Soviet-Polish Relations, 1917-1921, Volume 59
Harvard University Press, 1969 - 403 pages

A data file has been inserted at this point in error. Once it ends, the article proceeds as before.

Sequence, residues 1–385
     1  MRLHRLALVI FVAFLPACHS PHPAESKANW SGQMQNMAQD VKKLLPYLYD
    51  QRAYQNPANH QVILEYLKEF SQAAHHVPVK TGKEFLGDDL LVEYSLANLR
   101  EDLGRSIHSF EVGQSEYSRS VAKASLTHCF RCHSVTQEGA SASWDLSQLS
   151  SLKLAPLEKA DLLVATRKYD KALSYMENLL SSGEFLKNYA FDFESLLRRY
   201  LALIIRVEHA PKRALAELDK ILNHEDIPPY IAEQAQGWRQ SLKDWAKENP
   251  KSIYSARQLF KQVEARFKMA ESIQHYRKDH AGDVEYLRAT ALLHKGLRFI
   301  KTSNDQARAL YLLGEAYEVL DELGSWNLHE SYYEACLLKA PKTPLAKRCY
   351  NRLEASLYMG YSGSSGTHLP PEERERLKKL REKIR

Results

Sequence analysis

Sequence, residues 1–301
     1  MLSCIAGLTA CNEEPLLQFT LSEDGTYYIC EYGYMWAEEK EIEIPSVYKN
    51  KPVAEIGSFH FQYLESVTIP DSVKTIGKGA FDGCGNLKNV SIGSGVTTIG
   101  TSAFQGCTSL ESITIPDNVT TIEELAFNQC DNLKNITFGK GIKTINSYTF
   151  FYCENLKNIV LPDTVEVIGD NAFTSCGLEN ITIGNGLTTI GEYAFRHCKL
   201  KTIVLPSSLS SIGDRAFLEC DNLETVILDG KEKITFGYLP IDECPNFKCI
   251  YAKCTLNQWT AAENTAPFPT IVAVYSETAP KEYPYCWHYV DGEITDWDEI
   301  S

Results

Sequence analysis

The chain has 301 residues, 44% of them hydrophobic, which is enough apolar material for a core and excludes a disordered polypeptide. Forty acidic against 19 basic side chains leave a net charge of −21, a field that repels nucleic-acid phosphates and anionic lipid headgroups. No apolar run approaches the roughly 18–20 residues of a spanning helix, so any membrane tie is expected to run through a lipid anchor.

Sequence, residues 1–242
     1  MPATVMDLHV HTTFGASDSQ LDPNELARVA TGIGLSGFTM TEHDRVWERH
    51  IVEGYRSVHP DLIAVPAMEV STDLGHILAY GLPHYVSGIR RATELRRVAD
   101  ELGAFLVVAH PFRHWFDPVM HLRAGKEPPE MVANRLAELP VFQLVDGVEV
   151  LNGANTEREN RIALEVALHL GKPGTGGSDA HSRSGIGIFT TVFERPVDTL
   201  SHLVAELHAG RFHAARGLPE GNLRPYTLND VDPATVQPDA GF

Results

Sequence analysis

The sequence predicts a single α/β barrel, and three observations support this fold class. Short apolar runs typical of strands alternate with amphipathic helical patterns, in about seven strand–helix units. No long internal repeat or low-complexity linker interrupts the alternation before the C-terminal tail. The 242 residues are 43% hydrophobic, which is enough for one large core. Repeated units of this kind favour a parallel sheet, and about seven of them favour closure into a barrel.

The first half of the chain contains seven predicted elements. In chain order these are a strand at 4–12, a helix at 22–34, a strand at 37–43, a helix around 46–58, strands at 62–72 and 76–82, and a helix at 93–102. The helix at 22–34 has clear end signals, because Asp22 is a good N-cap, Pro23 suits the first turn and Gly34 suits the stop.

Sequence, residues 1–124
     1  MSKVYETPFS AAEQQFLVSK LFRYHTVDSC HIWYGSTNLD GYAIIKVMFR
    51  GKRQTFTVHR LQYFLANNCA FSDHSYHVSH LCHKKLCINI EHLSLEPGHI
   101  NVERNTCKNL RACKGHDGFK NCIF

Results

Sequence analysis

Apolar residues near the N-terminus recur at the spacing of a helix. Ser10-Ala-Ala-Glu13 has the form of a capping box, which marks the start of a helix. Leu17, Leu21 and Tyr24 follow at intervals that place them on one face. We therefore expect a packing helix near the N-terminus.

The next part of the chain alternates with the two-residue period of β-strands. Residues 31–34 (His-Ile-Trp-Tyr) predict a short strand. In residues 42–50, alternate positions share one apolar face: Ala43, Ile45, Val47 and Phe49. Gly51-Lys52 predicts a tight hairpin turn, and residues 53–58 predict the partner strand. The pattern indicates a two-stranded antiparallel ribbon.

Professor Wandycz has written the first monograph in the English language on the turbulent diplomatic and military relations between Poland and Soviet Russia during the critical years 1917-1921. Soviet Russia, rules in 1917 by the newly triumphant Bolsheviks, faced Poland, a nation that had just recovered independence after more than a century of oppression. The Bolsheviks feared their revolution would fail if confined to Russia alone; Poland lay directly in their path to the West and international conquest. The resulting controversy, ending with the Treaty of Riga in 1921, spans one of the most complicated and crucial periods in the long and tulmultuous history of Russian-Polish relations. Although this conflict of 1917-1921 was part of the immediate international struggle of revolution and counterrevolution, centuries of antagonism and war were characteristic of the earlier relations between the two countries. The current dispute went far deeper than a Communist-nonCommunist clash; the entire balance of power in Eastern Europe was at stake. Pilsudski's great plan was to push Russia back to its seventeenth-century borders, thus creating an important and powerful Poland. For the Bolsheviks, a successful march on Warsaw might initiate the destruction of the Versailles settlement and the European post-war system. Using recently published documents and Russian, Polish, English, and American archives, the author presents an objective and sophisticated picture of the complicated Soviet-Polish relations in this period. He is careful to examine these affairs in the light of the historical background of the two nations, for although many of these relations were newly esetablished, few were entirely divorced from the past. The first chapter dips back in time for a brief outline of the social and political events behind the deep antagonism of the two nations. Included is an examination of the basic disharmony between their civilizations, caused by the philosophical differences in their respective religions, Polish Catholicism and Greek Orthodoxy. Chapter Two introduces political figures and theories and the development in the half century preceding the Bolshevik Revolution of 1917. The nine remaining chapters are devoted to the struggles between the two countries over the territorial, ideological, and socio-political problems that dominated their relations. The Peace Treaty of Riga, signed in March 1921, proved to be only a stalemate, the negative effects of which were more pronounced for Poland than Russia. As Mr. Wandycz concludes, " The former lost the chance of becoming a real power; the plans of the latter were merely delayed." -- from dust jacket.
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